Solar Business Models Lead to Customers Saying “Yes”

If you’re trying to install solar systems for a living, getting the customer to say yes is a struggle. Business models can help by lowering the financial hurdle the customer has to jump.

The two most popular models in the residential solar market this year will be solar leasing and Power Purchase Agreements (PPA), sometimes called Solar-as-a-Service.

REW.com editor, Stephen Lacey, provided a good history of them in November.

Last month I wrote about one leasing company, Sungevity. The business model is powerful, I wrote. The execution looked good to me as well. Their Web site is elegant and easy to use.

Sungevity is far from alone. SolarCity is in the same business, calling itself “America’s Number One Choice.” BrightGrid was profiled here in September by managing editor Jennifer Runyon. SunRun was profiled by Lacey in November. (It’s also available as a podcast.)

In a lease the solar company builds on your property and you rent it. The lessor gets the tax breaks, the depreciation, all that. You pay a monthly fee, collect what power is generated and the total of that bill plus what you still have to pay the power company should be lower than the power bill itself was.

Leasing is not the “right” way to get a car, or a corporate jet, or (over the long haul) a place to live. It usually makes the most sense for those who have short-term goals. It makes sense to rent if you know you’re going to turn over the property, if you don’t want the maintenance hassles, or if you want to replace a long-term asset in a short amount of time (as in the car example).

Still, leasing can put expensive, or complex, property into the hands of ordinary people. When it’s called rent to own, companies like Aaron’s, which is based in my own home town of Atlanta, make money hand-over-fist, getting furniture, appliances and computers into the hands of people with little cash and no credit. It’s bad business for the renter, but it works.

The other business model you’ll hear often is the Power Purchase Agreement.

This model was pioneered in the commercial space by companies like SunEdison, Solar Power Partners, and MMA Renewable Ventures, now owned by Fotowatio of Spain, over the last decade. In fact, just today, Fotowatio annnounced that it signed 120 MW of solar PV PPAs with the California utility Southern California Edison. SCE also signed some PPAs with SunPower, bringing this latest procurement round to 800 MW.

Many companies that began in solar leasing are now offering this model to consumers. In a PPA, you agree to buy the output from the solar system installed by the lessor. Instead of your leasing a system, they’re leasing your roof. This removes a lot of pain points – tax credits, depreciation, Renewable Energy Certificates, net metering, etc. – not to mention installation and maintenance.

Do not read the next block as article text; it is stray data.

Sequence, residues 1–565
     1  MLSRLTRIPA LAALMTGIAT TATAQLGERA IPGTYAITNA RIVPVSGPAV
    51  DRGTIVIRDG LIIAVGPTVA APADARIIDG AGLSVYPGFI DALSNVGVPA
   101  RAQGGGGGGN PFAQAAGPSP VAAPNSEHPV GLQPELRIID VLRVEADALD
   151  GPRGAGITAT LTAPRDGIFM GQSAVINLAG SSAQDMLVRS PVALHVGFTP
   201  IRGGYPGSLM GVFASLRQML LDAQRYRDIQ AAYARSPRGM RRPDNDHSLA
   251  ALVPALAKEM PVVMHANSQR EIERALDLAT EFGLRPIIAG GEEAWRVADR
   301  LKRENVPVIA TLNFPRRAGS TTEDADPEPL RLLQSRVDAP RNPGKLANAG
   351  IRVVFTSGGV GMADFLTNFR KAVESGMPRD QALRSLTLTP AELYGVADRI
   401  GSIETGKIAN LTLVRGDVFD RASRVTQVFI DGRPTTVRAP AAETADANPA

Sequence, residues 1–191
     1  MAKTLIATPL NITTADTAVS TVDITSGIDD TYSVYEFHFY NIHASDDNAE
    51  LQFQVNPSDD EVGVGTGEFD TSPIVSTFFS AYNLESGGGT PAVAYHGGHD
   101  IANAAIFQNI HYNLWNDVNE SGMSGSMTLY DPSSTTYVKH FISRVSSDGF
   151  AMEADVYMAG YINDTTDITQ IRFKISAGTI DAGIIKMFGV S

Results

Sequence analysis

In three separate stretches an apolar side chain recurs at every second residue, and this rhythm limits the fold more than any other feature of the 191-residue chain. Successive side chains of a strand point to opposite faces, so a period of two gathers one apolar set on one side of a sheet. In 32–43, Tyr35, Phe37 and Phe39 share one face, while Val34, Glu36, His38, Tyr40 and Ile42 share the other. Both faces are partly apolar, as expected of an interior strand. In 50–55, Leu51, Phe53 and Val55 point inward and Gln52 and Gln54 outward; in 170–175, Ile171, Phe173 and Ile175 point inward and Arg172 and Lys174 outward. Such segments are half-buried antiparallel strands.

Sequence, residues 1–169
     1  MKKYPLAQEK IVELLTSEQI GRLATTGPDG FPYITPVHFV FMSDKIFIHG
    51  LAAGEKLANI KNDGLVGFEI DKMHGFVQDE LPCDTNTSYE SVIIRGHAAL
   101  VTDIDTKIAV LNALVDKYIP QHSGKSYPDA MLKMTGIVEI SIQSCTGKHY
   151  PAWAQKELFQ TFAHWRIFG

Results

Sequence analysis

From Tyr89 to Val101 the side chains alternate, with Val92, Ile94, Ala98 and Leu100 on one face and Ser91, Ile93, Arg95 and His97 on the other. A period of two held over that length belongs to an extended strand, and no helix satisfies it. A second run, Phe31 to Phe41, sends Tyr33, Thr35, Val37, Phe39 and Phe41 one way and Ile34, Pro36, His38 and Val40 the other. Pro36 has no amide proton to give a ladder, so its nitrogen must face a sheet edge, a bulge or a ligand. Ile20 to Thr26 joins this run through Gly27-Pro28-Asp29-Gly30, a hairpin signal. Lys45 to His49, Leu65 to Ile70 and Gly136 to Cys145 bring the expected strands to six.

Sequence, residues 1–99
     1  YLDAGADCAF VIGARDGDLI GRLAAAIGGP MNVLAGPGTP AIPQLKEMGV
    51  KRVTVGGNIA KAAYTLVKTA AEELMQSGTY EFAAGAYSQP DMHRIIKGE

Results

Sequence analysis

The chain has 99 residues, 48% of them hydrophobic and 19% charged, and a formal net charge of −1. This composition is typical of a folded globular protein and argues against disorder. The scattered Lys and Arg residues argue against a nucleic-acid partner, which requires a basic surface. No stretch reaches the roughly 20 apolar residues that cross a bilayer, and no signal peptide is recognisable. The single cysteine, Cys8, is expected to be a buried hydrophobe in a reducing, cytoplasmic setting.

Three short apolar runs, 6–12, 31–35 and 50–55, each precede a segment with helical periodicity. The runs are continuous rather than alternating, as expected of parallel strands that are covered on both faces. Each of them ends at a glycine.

SunRun, which offers both models, calls this is a distinction without a difference, just a question of what states are allowing.

I disagree. A PPA acknowledges in advance the value of your solar power. A lease agreement only implies it. A PPA sees the residual value of an installation that has been in place for years. A leasing agreement leaves that open to later negotiation. A PPA also lets the customer participate in the rising value of solar power, compared with utility rates. That’s why commercial customers have long preferred PPAs, and it’s a good sign for the industry that they’re advancing down-market.

A third financing model is also coming on-stream. SunRun calls it Total Solar but I like to think of it as a solar mortgage.

Essentially, you pre-pay for your solar electricity, which pays off half the cost of your system. There is no monthly bill, you collect the government incentives. It’s a combination mortgage and PPA. You’re financing most of the construction. Instead of SunRun’s banker being the money, you’re the money.

These are all models that can work, depending on the size of a roof, its location, and local government conditions, so if you prefer working in an office to working on a roof, becoming a solar banker like Clean Power Finance may be the job for you.

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Dana Blankenhorn has covered business and technology since 1978. He covered the Houston oil boom of the 1970s, began making his living online in 1985, and launched the Interactive Age Daily, the first daily coverage of e-commerce, in 1994. He has written for a host of off-line and online publications including The Chicago Tribune, Advertising Age, and ZDNet. He has covered PCs, networks, telecommunications, cable technology, Internet commerce, the Internet of Things, Open Source and Health IT, He began covering alternative energy at his personal blog, Danablankenhorn.com, in 2007.

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